Computers will soon see and interpret images like humans - Tampere University of Technology

Computers will soon see and interpret images like humans

In January, Jiri Matas visited Tampere and the FiDiPro project was launched. The project aims at top-quality research, the development of publication activities and research results that are immediately applicable for businesses.

Expert in computer vision and machine learning, Professor Jiri Matas began his four-year FidiPro professorship at TUT’s Department of Signal Processing in January. His project focuses on the development of mobile technology that enables better and more diversified utilization of vast image data masses.

Jiri Matas comes from the renowned Center for Machine Perception laboratory at the Czech Technical University in Prague. In Tampere, he works in the Computer Vision Group led by Professor Joni Kämäräinen.

“My latest research areas have included image search, free text recognition, tracking and, most recently, deep neural networks. Another long-term interest of mine is real-time pattern recognition,” Matas lists.

For image search, Matas and his research team have sought new types of search criteria. With the methods applied today, the results produced by the searches include numerous nearly identical images of the same object.

“When the engine is also able to recognize images taken of the same object in different circumstances and at various distances, the resulting image selection can be more varied and a lot more informative.”

An engine that recognizes free text is able to scan a cityscape and read such items as advertising signs and licence plates. Tracking, on the other hand, refers to monitoring the movement of an object from one camera to another. It can be applied for surveillance purposes or as a part of a system for autonomous vehicles. A major breakthrough was recently achieved in the research on deep neural networks as the machine learned to identify and name objects in an image.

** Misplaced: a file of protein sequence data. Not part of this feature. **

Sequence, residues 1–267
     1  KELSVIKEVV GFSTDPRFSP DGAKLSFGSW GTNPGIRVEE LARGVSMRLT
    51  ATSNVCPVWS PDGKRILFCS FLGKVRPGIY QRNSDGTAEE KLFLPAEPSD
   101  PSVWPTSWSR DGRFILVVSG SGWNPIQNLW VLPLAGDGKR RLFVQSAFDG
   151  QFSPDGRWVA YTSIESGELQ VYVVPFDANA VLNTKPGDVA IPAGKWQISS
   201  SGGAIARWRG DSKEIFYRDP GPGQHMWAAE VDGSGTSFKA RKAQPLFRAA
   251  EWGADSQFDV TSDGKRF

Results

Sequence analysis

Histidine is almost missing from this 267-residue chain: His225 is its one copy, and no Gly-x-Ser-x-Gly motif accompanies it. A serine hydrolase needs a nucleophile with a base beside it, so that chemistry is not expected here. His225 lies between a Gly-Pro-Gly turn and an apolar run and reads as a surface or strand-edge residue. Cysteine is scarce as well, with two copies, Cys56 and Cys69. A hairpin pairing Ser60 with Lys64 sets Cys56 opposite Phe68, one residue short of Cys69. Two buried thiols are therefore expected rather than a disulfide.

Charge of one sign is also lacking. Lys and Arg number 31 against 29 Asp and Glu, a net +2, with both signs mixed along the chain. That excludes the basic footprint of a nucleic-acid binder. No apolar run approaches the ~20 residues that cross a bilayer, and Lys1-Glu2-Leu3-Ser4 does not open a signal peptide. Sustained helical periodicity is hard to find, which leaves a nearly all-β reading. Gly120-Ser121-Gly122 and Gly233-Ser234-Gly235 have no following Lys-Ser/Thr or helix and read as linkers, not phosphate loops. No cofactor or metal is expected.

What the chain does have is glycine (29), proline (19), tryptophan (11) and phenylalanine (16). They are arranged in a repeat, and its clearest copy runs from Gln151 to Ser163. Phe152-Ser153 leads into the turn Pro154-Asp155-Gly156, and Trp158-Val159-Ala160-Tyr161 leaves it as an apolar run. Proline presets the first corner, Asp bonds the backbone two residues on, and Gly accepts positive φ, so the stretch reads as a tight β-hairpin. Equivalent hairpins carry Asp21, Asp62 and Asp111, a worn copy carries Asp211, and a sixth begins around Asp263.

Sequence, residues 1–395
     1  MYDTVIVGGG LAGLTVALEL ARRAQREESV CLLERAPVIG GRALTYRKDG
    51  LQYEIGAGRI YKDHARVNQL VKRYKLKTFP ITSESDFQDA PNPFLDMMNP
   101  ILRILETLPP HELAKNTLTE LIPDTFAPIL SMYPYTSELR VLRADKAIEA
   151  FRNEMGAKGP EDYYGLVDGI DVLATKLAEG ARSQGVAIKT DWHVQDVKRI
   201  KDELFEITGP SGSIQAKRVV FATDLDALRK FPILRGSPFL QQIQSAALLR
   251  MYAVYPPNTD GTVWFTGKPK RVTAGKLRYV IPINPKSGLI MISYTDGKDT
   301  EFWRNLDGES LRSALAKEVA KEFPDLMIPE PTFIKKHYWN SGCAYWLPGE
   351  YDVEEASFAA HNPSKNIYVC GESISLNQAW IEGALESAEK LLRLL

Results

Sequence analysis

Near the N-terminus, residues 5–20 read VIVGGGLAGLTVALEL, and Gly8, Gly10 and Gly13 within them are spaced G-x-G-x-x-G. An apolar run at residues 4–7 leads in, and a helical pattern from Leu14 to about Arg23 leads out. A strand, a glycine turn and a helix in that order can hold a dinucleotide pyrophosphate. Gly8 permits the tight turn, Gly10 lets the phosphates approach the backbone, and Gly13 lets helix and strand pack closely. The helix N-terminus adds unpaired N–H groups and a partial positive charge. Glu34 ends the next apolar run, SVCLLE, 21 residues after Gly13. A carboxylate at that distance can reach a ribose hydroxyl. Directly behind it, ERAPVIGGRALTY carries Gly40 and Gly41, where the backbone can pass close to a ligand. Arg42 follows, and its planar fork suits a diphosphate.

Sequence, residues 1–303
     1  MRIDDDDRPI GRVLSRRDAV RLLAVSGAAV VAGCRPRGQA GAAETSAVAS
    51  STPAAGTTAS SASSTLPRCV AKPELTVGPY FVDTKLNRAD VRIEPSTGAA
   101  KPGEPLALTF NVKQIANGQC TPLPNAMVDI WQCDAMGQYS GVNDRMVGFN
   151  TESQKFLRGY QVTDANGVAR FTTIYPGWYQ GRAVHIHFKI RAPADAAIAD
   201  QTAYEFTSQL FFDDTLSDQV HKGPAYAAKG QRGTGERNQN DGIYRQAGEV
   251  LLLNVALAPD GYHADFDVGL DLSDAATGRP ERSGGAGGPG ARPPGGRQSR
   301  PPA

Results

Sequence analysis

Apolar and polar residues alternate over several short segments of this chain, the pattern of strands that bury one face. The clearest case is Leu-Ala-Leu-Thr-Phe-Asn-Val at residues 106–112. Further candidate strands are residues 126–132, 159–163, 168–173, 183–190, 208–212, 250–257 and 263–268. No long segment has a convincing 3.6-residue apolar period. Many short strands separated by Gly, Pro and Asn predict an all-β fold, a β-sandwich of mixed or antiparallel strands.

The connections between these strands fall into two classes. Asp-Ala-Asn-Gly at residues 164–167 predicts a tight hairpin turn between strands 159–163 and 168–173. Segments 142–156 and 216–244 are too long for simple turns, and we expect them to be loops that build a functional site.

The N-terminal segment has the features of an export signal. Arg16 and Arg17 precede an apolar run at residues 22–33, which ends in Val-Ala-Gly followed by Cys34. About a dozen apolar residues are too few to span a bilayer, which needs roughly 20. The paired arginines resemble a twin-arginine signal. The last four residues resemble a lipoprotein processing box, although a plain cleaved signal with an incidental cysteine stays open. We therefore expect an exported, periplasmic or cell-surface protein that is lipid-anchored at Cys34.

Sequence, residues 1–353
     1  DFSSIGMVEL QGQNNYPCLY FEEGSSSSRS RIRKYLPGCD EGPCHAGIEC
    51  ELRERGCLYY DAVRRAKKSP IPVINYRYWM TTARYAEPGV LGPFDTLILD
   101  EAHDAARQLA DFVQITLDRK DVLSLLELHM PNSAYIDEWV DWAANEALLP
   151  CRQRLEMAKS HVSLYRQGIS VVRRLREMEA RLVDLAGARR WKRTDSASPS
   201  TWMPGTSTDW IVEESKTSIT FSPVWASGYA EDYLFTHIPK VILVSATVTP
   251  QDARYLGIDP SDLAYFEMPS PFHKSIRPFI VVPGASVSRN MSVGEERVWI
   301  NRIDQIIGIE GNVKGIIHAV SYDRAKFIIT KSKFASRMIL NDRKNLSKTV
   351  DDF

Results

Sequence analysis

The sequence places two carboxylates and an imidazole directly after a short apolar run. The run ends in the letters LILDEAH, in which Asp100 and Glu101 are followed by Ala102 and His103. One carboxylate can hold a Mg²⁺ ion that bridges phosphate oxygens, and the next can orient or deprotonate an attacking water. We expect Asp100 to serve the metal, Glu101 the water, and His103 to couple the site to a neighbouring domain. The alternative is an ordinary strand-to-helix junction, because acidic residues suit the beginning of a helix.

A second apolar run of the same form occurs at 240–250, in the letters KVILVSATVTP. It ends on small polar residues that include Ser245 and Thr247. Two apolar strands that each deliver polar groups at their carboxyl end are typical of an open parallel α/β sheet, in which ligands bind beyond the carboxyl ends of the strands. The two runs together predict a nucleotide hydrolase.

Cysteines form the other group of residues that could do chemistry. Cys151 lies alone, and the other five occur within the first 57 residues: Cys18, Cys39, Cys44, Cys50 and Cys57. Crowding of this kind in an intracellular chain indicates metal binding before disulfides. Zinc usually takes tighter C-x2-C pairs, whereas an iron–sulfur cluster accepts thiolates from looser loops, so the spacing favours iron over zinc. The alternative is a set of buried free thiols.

High-quality science yields useful applications

The partners of the Tekes-funded project include Finnish companies operating in telecommunications, software development and electronics development. The research targets, founded on practical problems, have been agreed upon together with the project partners.

Instead of applications per se, Matas highlights that the goal is to conduct high-quality research.

“All this may not sound very concrete and practical, but research in this field truly generates results that are applicable straight away.”

His research and business life cooperation so far have, in fact, generated a wide range of applications. For example, image search can be harnessed for tracing stolen goods placed on sale online. Facial recognition and analysis are particularly interesting for advertisers, for example. In time, free text recognition will enable applications that transcend the different alphabet systems and languages. They will benefit western travellers, for example, when in countries using some other alphabet system besides the Latin one.

New instructional methods and improved publications

Matas is renowned for his notable and visible results both as a researcher and an instructor. In Tampere, two doctoral students study under his guidance and he is also a mentor for the senior researchers in the group.

“We are intrigued to see what we can learn from his instructional methods. His example has also inspired us to hone our publication activities. Much of the focus in Finland seems to be on quantity instead of quality. We should retain our composure and invest in high-end research,” says Kämäräinen.

‘Pocket-Sized Big Visual Data’ is a consortium project with the Center for Machine Vision at the University of Oulu.

Updated by: Merja Jaaksi, 14.04.2016 14:49.
Content owner: Laukkanen Tuuli
Keywords: science and research, image search, mobile technology